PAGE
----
• It gives the judge the opportunity to determine whether settlement is likely (and to encourage that process)
  • It allows the judge to set a discovery schedule

Discovery is a legal term that refers to the gathering of evidence. The judge will set a calendar for the completion of discovery and set any necessary limits on discovery. As a general rule, discovery is obtained through

  • Depositions
  • Requests for production of documents or other physical evidence
  • Interrogatories (written questions submitted to the other party)

Contact Attorney David J. Karbasian

Contact our office online or call us at 856-667-4666 to schedule an appointment. Your first consultation is without cost or obligation. The sooner you call, the sooner you can move forward with your claim. We can accommodate evening or weekend meeting requests and will come to your home, if necessary.

What Can I Expect to Recover in a Wrongful Death Action?

The Damages Available in an Accidental Death Claim

Tipped over truck

In New Jersey, when your loved one has died because of the wrongful, careless or negligent acts of another person, and you can demonstrate that you qualify as a “real party in interest,” you have the right to bring legal action to compensate you for your losses. Of course, if your claim is based on allegations of negligence, you’ll need to show that the defendant failed to meet the standard of care, causing your loved one’s death.

If you can prove these elements, though, you have a right to pursue monetary compensation for:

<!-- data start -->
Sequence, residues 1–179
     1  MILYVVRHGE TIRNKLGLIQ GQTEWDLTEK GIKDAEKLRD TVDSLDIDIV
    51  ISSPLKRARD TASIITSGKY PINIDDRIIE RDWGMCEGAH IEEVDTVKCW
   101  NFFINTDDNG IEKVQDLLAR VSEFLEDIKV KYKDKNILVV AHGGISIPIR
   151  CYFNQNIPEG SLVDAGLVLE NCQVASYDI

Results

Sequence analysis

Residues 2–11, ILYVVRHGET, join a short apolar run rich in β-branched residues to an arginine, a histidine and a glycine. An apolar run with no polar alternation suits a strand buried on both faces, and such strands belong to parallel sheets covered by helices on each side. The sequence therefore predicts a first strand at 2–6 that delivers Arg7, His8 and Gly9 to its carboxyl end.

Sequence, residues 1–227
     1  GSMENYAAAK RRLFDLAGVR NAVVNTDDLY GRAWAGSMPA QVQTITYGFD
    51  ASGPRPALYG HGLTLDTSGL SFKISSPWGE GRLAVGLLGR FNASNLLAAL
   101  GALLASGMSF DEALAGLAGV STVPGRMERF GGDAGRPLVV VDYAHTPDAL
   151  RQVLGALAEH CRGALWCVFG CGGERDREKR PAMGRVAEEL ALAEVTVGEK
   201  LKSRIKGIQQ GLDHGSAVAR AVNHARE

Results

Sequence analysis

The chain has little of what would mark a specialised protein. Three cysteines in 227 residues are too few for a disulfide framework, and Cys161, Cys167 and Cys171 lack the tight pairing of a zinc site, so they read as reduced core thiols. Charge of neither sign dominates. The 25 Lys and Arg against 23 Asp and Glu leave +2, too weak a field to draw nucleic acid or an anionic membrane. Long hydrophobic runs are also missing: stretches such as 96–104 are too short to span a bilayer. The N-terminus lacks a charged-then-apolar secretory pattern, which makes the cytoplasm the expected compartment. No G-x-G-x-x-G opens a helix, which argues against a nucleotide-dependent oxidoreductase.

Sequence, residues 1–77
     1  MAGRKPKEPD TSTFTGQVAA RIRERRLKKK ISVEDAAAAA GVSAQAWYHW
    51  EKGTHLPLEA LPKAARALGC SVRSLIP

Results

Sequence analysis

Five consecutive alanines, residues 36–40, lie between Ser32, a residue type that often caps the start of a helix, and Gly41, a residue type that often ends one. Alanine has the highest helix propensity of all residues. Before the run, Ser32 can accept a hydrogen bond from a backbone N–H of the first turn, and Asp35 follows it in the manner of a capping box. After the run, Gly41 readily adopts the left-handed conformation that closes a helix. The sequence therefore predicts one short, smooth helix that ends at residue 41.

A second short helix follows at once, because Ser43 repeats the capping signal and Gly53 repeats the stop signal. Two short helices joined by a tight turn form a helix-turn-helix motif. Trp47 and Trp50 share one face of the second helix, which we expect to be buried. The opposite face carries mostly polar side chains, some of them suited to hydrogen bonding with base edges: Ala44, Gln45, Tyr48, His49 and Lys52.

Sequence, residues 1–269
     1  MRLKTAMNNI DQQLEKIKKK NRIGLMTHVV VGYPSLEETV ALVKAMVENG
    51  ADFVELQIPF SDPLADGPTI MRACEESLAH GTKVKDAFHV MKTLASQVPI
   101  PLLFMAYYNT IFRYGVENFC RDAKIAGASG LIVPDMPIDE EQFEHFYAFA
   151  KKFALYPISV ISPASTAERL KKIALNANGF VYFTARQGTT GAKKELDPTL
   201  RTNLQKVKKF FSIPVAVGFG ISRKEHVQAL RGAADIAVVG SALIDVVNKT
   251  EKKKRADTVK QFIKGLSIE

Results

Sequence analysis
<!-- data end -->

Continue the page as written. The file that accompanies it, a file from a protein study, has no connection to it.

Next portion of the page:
• The loss of all financial support you would have received from the deceased, based on his or her expected income. As a general rule, the amount of lost wages will be calculated based on the decedent working until retirement. A spouse will be entitled to all lost wages, whereas a child will be able to recover lost support until he or she would reasonably be expected to be self-sufficient.
  • An medical expenses incurred by the deceased as a result of the fatal accident
  • The costs of burial and funeral services
  • The loss of the companionship or consortium that the decedent would have provided, including comfort, care and guidance
  • The value of all services the deceased would have provided, such as childcare, housekeeping, cooking, laundry, home maintenance and yard/garden

New Jersey law does not permit a survivor or family member to seek any type of damages for emotional distress or injury in a wrongful death claim. A survivor, may, however, file a separate lawsuit for intentional or negligent infliction of emotional distress.

Contact Attorney David J. Karbasian

Contact our office online or call us at 856-667-4666 to schedule an appointment. Your first consultation is without cost or obligation. The sooner you call, the sooner you can move forward with your claim. We can accommodate evening or weekend meeting requests and will come to your home, if necessary.

New Jersey Supreme Court Issues Ruling in PIP Claim